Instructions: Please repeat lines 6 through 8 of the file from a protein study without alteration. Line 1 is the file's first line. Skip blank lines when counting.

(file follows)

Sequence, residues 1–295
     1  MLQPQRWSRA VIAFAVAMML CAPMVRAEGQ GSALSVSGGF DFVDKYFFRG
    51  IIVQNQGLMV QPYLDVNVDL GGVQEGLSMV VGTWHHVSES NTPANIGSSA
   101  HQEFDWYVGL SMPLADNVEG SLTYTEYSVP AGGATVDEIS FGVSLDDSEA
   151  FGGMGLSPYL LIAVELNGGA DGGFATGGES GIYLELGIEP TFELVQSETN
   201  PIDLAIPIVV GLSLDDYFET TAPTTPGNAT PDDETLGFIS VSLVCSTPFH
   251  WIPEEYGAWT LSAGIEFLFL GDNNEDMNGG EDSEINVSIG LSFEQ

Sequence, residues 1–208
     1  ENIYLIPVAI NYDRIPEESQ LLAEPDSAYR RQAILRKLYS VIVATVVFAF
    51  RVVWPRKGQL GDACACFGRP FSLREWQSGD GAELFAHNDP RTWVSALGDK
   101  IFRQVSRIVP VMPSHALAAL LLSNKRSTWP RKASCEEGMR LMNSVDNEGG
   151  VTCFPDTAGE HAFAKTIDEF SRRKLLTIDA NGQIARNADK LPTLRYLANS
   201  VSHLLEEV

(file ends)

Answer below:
   201  PIDLAIPIVV GLSLDDYFET TAPTTPGNAT PDDETLGFIS VSLVCSTPFH
   251  WIPEEYGAWT LSAGIEFLFL GDNNEDMNGG EDSEINVSIG LSFEQ

Sequence, residues 1–208